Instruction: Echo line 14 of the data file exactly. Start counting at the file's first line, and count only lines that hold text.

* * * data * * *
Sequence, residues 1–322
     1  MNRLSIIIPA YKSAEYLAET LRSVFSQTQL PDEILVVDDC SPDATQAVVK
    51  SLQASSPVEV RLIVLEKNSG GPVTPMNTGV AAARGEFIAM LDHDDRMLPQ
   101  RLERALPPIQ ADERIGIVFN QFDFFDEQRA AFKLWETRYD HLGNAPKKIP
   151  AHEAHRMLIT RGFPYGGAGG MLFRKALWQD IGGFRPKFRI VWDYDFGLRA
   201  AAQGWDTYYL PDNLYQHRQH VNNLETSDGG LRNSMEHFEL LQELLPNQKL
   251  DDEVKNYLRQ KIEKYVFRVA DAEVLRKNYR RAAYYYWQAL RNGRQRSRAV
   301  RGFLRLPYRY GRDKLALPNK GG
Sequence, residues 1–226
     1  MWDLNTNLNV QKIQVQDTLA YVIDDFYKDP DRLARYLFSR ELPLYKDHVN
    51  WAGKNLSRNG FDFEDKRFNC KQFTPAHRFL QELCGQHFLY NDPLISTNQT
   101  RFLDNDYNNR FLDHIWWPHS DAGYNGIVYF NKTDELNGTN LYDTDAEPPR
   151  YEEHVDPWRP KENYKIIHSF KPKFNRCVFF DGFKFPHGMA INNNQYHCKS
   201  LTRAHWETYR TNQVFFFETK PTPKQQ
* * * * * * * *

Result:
   201  LTRAHWETYR TNQVFFFETK PTPKQQ